The First Seizure: A Diagnostic Challenge

Virtual Special Editions are collections of targeted papers curated by a Guest Editor. Here Dr Jose Francisco Tellez-Zenteno Royal University Hospital, Saskatoon (author of the Editor’s Choice article in Volume 49) and Lady Diana Ladino Hospital Pablo Tobón Uribe – University of Antioquia, Colombia talk about “The First Seizure: A Diagnostic Challenge”.

According to the new epilepsy definition, diagnosis can be made if tests after a single unprovoked seizure lead to the determination that the patient is at high risk (60%) of seizure recurrence over the next 10 years. The challenge in evaluating a patient after a single unprovoked seizure consist in the identification of those patients that will go on to develop recurrent seizures from those who will have only a single seizure in their lifetime. In this special edition we present a series of papers published in Seizure: European Journal of Epilepsy exploring assessment of a first seizure. In one of the papers we have summarized current literature regarding epidemiology, recurrence, modalities of diagnosis and treatment (Syed et al. 2017).

The first seizure is a dramatic event with profound implications for patients. The initial evaluation focuses on an accurate description of the episode. Ictal cry during the tonic phase, cyanosis, frothing at the mouth, lateral tongue biting, posterior shoulder dislocations without a clear history of direct trauma, absence of ictal pallor, post-ictal unconsciousness for greater than five minutes, confusion, anterograde amnesia, and complain of sore limb muscles are specific signs of a convulsion. A careful scrutiny for previously unrecognized seizures is important. Half of patients with an apparent “first seizure” have had previous seizures, so their diagnosis is epilepsy (Nowacki and Jirsch, 2017).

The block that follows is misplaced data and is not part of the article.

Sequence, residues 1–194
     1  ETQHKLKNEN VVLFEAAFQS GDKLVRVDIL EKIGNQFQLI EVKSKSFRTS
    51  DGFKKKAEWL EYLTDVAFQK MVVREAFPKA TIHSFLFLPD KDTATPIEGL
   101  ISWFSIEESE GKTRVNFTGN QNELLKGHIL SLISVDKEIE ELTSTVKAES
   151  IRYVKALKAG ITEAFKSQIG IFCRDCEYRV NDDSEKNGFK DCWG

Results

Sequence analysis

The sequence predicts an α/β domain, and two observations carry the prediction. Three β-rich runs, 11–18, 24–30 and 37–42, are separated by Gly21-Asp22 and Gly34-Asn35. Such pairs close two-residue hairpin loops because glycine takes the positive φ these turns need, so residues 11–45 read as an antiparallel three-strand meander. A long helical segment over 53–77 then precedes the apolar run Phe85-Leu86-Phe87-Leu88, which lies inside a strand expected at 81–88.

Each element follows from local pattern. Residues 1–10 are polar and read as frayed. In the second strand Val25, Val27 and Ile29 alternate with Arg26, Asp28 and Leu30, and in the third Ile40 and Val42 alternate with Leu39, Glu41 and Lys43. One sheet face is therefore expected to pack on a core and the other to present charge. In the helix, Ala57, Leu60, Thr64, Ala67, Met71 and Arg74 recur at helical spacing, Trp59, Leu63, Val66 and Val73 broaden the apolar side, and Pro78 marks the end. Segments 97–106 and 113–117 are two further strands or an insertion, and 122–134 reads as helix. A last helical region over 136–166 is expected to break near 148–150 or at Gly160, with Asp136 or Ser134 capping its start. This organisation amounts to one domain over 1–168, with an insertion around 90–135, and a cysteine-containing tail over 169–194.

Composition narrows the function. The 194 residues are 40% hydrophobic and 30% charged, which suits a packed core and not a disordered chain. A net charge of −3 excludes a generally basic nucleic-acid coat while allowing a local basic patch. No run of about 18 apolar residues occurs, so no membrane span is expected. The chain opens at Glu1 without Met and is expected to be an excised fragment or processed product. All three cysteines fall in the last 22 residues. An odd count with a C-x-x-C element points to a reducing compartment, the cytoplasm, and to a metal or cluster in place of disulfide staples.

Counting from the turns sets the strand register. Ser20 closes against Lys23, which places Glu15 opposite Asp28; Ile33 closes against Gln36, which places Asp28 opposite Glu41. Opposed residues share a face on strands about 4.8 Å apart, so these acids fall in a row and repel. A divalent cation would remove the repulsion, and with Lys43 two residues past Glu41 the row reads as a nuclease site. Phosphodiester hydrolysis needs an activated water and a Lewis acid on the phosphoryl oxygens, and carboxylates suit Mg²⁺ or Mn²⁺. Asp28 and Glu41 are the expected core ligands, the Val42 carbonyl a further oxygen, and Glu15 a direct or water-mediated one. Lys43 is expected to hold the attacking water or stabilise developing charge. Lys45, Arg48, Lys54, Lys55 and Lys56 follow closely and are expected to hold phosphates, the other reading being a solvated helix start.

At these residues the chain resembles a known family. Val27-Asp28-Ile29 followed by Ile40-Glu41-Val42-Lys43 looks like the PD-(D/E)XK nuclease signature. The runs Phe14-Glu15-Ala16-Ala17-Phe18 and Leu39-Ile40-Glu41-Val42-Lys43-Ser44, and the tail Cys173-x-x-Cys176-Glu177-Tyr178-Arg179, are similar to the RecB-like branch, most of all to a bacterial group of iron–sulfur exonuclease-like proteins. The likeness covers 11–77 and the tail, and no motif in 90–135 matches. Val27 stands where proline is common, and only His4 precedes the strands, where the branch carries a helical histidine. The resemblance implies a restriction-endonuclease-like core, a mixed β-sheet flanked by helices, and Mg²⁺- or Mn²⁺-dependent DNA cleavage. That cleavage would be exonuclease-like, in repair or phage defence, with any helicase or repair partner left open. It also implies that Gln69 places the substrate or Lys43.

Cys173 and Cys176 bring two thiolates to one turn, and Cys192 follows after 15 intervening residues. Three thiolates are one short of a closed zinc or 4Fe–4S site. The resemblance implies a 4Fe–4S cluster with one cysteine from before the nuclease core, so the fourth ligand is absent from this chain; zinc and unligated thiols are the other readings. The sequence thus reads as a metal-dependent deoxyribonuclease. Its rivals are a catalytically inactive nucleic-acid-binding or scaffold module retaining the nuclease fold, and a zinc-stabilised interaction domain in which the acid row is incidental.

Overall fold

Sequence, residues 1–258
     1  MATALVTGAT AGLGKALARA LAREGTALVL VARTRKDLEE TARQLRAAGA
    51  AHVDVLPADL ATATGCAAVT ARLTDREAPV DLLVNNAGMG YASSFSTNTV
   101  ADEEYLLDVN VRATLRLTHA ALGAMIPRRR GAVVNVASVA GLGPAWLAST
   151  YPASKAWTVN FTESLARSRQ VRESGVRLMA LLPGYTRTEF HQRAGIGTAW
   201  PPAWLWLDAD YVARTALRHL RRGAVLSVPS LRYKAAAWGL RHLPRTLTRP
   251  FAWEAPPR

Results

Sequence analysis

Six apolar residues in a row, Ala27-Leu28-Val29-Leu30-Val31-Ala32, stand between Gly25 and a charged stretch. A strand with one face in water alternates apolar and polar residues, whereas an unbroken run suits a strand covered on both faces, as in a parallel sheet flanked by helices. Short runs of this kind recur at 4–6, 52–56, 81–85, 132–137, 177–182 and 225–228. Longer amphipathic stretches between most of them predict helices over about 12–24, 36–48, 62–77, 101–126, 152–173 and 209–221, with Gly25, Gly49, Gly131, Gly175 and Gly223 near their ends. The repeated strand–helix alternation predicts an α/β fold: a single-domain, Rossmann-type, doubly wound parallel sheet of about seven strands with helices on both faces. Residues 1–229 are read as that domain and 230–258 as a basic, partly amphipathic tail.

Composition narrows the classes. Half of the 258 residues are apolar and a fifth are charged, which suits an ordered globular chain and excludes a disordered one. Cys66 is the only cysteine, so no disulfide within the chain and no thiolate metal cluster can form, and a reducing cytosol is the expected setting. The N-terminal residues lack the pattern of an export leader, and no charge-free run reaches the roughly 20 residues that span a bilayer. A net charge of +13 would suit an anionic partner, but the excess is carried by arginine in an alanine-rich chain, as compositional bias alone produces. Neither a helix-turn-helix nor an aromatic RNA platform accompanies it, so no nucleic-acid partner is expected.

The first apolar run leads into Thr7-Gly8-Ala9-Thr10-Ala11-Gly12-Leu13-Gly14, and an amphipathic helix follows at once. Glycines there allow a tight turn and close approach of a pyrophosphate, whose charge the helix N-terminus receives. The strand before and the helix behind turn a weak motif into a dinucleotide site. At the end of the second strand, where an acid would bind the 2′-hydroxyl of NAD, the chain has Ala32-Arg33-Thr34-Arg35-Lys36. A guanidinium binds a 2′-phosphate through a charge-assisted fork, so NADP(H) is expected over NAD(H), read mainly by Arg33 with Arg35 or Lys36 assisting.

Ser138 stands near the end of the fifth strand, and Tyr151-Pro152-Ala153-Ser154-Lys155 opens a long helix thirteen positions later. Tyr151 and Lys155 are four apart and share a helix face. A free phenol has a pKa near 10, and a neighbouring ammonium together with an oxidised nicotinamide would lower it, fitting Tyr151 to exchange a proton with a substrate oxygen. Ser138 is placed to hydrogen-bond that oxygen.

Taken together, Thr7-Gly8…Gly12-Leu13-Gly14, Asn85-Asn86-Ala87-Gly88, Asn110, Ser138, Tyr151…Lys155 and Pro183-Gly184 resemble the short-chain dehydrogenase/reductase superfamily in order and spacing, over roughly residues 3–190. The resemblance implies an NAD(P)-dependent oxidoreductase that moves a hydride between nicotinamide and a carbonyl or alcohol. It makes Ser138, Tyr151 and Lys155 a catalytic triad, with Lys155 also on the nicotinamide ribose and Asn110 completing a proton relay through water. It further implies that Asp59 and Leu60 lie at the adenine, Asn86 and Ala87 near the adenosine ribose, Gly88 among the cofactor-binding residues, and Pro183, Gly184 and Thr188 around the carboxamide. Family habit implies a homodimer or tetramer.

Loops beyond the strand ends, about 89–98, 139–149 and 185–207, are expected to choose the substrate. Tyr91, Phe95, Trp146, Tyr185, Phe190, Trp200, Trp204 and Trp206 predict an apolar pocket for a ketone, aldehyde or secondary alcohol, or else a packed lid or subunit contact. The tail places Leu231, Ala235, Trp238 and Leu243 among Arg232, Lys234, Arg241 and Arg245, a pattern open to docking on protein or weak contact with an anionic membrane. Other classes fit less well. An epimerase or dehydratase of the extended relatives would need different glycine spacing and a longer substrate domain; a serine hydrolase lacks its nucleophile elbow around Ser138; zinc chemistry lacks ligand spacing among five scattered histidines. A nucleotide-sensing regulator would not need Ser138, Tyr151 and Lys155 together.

Upwards of 10–60% of patients with single unprovoked seizures have epileptiform abnormalities on EEG. The yield of conventional EEG after a seizure demonstrated a sensitivity and specificity of interictal epileptiform discharge (IED) for seizure recurrence of 17% and 95% respectively. The presence of abnormalities depends upon seizure; absence seizures for instance are associated with IED in 90%, atonic or myoclonic seizures in 80% and complex partial seizures in 60%. Additionally, there is evidence suggesting that the yield for recording IED is highest in the time period shortly after the seizure (<72 hours), in prolonged sleep-deprived video-EEG monitoring, and with consecutive EEGs (at least 3 serial studies). The use of portable EEG in the assessment of single unprovoked seizures is still unclear, although some studies show a higher determination of IED than sleep deprived and routine EEG (Debicki, 2017). In their article Crocker et al. (2017) describe the goal of neuroimaging as to identify a lesion that can explain the seizure. Neuroimaging can be abnormal in 50% of patients with new-onset focal seizures. Furthermore, CT scan and MRI may show abnormalities that portend further seizures and therefore establish a diagnosis of epilepsy.

The series of articles in this supplement make an important contribution on the understanding of relevant factors about diagnosis and treatment. As usual in medicine, in every single case we have to cautiously weigh up the potential pros and cons of either avoidance or initiation of AEDs. Authors believe patients debuting with status epilepticus, seizure flurries, semiology indicating focal epilepsy, neurological deficit on examination (Olmes and Hamer, 2017) and a high personal risk in case of seizure relapse due to professional circumstances (Steinhof, 2017) could need immediate treatment.